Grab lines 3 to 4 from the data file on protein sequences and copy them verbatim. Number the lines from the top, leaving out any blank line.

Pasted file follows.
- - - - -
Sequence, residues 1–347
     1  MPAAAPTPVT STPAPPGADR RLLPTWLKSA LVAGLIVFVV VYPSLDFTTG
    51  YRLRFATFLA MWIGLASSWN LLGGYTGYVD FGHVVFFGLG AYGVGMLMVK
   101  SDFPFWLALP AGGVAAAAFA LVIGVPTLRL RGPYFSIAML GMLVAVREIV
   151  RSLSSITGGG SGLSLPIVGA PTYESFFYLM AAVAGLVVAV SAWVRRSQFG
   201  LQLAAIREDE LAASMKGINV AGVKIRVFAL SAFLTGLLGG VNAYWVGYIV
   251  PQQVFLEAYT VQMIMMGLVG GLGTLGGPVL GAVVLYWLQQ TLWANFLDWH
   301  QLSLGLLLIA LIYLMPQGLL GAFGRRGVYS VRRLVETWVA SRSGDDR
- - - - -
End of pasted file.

    51  YRLRFATFLA MWIGLASSWN LLGGYTGYVD FGHVVFFGLG AYGVGMLMVK
   101  SDFPFWLALP AGGVAAAAFA LVIGVPTLRL RGPYFSIAML GMLVAVREIV